• Leak protection: A tankless system is a recirculating pump, so it doesn’t hold massive amounts of water like a traditional tank. So if your tankless water heater leaks, which is rare, it would cause minimal water damage, unlike a ruptured hot water tank that can hold up to 60 gallons of water.
  • Convenience: With a tankless system, you’ll have all the hot water you need right when you need it. No more staggering family showers or delays starting the dishwasher or laundry to conserve hot water.
  • Space-saving: Since many tankless water heaters can be mounted on a wall, they take up less space than traditional tank systems. This means they can be installed closer to their points of use and virtually anywhere around your house.

Should I Get a Tankless Water Heater? 6 Things To Consider

If you’re still not sure if a tankless water heater is the right choice for your home, consider the following factors:

  1. Energy efficiency: If energy efficiency is a priority for you, a tankless water heater is a better choice, as they often use up to 50 percent less electricity than standard tank models.
  2. Hot water output: Are you sick of running out of hot water when everyone in the house needs a shower? Because whole-house tankless systems can’t heat multiple fixtures simultaneously, point-of-use tankless water heaters can eliminate this problem and supply sufficient hot water temperatures at any given output.
  3. Financial investment: Are you ready to invest in a more efficient and convenient system, even if it means replacing your old tank system? Though the upfront costs might be higher, you’ll save on monthly utility bills.
  4. Maintenance: Tankless water heater maintenance is crucial to ensure their long lifespan. Though you'll only need to conduct maintenance every six months to two years, make sure you’re prepared for the task.
  5. Space: Looking to free up space in your garage or utility room where your tank system currently lives? Since tankless water heaters don’t require a tank, they’re much more compact than traditional systems.
  6. Installation service: Do you have a reliable plumbing company on board to help you choose the right model and assist with installation? A plumbing company like Mr. Rooter Plumbing® can help answer any questions and provide exceptional service to ensure the job gets done right.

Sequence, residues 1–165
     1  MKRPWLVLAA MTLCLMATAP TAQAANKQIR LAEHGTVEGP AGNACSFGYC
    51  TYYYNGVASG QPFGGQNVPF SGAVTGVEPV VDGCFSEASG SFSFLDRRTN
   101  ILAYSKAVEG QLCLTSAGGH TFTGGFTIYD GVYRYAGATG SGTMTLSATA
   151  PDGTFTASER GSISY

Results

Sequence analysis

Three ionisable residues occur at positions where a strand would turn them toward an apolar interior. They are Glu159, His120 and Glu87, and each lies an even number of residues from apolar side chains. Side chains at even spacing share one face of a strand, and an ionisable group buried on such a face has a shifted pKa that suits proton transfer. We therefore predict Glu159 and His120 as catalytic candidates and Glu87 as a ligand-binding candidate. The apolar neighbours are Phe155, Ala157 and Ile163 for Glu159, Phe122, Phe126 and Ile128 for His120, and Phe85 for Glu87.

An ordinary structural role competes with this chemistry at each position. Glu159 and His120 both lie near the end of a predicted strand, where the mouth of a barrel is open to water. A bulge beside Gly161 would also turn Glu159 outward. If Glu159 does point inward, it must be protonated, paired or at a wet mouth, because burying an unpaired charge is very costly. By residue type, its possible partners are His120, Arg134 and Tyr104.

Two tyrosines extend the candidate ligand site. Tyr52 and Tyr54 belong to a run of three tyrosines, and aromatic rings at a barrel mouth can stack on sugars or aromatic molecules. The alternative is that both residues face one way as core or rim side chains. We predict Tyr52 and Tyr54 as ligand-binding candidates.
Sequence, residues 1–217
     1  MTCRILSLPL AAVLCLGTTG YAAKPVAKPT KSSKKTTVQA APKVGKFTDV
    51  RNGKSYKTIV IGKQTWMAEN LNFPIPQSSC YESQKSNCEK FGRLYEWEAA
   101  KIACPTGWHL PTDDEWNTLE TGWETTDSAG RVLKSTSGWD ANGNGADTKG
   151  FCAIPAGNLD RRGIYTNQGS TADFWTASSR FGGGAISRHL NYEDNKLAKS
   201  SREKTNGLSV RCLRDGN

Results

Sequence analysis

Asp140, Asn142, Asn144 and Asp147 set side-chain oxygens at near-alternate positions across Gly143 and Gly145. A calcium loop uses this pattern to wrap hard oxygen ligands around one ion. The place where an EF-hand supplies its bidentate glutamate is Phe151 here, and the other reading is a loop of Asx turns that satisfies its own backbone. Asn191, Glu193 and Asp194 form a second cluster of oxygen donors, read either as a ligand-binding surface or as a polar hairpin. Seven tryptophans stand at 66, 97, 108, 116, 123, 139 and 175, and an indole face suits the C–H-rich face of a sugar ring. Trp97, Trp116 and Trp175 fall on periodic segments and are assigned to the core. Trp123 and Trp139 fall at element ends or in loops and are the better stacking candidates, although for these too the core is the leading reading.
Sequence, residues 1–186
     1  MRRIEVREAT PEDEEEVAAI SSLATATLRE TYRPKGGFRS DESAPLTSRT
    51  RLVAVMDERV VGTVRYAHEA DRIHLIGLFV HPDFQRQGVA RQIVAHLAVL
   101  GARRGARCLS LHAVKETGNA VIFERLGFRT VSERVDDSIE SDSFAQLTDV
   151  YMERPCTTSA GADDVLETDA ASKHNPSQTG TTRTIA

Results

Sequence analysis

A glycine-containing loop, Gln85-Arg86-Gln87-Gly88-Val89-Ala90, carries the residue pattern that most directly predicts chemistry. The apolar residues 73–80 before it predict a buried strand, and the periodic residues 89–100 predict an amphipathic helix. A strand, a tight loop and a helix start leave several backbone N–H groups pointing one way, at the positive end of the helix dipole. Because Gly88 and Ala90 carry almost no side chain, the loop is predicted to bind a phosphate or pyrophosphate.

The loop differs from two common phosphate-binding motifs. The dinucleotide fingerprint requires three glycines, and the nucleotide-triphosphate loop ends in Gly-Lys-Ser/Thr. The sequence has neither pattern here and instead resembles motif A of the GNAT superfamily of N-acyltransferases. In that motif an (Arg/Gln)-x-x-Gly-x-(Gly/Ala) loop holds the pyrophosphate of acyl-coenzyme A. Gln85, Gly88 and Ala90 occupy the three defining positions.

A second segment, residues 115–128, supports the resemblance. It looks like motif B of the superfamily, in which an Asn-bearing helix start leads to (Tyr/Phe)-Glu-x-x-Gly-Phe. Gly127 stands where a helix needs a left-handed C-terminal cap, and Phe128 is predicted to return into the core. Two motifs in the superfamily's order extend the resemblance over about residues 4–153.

Get Help With Tankless Water Heater Services

We often take hot water for granted — until we run out of it. With a tankless system, a lukewarm or cold shower can become a thing of the past. Going tankless will increase your energy efficiency, provide hot water whenever you need it, occupy less space than a tank system, minimize the risk of a flood, and save you money every month on your utility bills.

To learn more about why replacing your traditional tank water heater with a tankless model could be the right choice for your home, contact your local service professionals at Mr. Rooter Plumbing.

Call us or visit us online for more information.

Tankless Water Heater FAQ

Still wondering if a tankless water heater is worth it? Here are answers to some common questions about tankless systems to help lead you to the right decision.

What is the downside of a tankless water heater?

One downside of a tankless water heater is that it’s unable to supply sufficient hot water to multiple sources simultaneously. This is likely only a drawback if you have a large household with a high demand for hot water. However, you can remedy this issue by installing multiple point-of-use water heaters throughout your home.

In addition, the upfront costs are significantly higher than typical tank systems — including the actual cost of the water heater and installation expenses. However, they provide greater savings in the long run.

How much does it cost to convert a water heater to tankless?

The cost of switching from a tank water heater to a tankless water heater can vary depending on the type of water heater you get and the installation cost. For example, a point-of-use tankless water heater will likely cost much less than a whole-house water heater since it only supplies hot water to one area.

Reach out to Mr. Rooter Plumbing to request a job estimate so we can provide you with a more accurate cost range.

How long do tankless water heaters last?

Tankless water heaters can last up to 25 years with proper upkeep and maintenance. This is a significantly longer lifespan than traditional water heaters, which typically last between 10 and 15 years. However, this can vary depending on factors like the type of tankless water heater, the quality of water, its usage, and the level of upkeep.

You can also check your water heater’s warranty for a more accurate estimate of its lifespan and how long it's covered.

How long does it take to install a tankless water heater?

Tankless water heater installation can take anywhere from four to eight hours (sometimes more), depending on the complexity of the job. Replacing your traditional water heater with a tankless system takes a bit longer because it may require new power and water lines as well as new air vents.

It also takes time to properly mount the system in its designated area. Because tankless water heaters require thorough and proper installation, it’s always recommended to hire a professional service team to handle the job.